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The Sea Wolf(1941)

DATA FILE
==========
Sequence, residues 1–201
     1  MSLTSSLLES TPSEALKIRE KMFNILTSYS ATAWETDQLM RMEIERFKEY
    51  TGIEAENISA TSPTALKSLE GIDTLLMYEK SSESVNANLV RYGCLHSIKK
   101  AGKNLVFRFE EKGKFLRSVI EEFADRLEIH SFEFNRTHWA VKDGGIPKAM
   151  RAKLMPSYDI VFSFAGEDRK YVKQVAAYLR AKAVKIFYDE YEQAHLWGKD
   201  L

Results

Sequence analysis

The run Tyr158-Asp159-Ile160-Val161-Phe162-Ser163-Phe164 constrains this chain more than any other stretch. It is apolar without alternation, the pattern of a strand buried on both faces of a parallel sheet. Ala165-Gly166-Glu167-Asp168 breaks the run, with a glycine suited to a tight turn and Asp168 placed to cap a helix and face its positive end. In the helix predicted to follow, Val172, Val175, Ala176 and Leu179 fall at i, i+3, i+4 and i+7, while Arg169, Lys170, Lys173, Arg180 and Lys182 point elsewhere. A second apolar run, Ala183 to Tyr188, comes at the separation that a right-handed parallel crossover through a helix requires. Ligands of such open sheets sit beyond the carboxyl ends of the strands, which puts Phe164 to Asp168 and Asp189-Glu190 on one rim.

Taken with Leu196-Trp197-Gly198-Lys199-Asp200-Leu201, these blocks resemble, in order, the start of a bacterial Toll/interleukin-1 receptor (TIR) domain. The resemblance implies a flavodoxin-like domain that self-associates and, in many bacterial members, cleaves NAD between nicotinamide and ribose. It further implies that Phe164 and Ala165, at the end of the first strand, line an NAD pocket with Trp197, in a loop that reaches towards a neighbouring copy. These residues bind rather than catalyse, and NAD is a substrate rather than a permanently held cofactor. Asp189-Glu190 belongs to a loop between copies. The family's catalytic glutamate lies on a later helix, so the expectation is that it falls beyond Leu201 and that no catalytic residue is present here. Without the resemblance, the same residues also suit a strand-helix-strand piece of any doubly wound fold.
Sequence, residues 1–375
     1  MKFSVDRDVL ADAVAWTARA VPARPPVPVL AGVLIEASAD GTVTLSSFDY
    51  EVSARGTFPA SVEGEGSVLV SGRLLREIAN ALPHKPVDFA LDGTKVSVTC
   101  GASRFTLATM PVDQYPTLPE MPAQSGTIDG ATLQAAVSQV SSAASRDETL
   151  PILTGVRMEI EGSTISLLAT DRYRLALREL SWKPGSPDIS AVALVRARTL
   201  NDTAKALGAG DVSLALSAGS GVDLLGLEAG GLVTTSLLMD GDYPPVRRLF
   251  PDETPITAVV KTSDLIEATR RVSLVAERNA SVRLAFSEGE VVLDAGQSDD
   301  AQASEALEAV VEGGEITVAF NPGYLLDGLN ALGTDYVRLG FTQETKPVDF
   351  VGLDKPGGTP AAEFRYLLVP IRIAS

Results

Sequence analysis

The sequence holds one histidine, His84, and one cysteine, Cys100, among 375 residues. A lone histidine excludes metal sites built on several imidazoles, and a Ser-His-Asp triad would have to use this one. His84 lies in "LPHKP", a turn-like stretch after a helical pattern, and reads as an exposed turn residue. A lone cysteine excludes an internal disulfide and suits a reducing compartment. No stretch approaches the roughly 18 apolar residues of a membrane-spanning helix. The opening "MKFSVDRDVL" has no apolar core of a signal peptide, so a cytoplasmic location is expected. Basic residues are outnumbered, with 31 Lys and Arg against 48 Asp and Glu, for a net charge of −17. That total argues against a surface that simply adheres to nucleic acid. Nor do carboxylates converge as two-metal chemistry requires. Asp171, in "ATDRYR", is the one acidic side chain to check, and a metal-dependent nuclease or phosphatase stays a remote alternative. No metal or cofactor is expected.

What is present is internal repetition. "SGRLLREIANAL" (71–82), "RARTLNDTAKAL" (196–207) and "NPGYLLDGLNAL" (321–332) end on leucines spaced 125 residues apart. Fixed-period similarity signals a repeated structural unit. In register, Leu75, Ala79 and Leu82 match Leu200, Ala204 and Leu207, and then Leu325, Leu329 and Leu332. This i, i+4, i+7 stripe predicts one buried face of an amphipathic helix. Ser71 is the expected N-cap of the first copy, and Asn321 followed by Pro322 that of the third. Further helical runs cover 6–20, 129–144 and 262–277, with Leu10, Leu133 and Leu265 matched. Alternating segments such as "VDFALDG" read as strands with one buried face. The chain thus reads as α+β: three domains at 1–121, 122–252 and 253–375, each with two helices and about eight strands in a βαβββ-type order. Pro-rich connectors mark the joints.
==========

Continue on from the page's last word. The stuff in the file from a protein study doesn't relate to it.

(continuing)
After the success of Michael Curtiz’s The Sea Hawk (1940), Warner Bros. was inspired to make the fifth adaptation of Jack London’s classic adventure. After hiring future director Robert Rossen to write the script, they created a memorable study of a dictatorship, with Edward G. Robinson’s unscrupulous, sadistic captain Wolf Larsen sharing similarities with Hitler and Mussolini. He meets his match in a trio of stars: rebellious mate John Garfield, escaped convict Ida Lupino and shipwrecked writer, Canadian-born actor Alexander Knox (in his U.S. film debut). Their battles on the fog-shrouded seas — directed by Michael Curtiz, shot by Sol Polito and scored by Erich Wolfgang Korngold, all in the style of German Expressionism — were a critical and box office hit. In 1947, Warner Bros. decided to pair the film with The Sea Hawk as a double bill, which required cutting 14 minutes from the former to squeeze in more showings. The cuts were made to the original camera negative and thought lost forever. Fortunately, the Museum of Modern Art had a full-length 35mm nitrate print from which Warner Bros. created this restoration. (d. Michael Curtiz, 100m, Digital)

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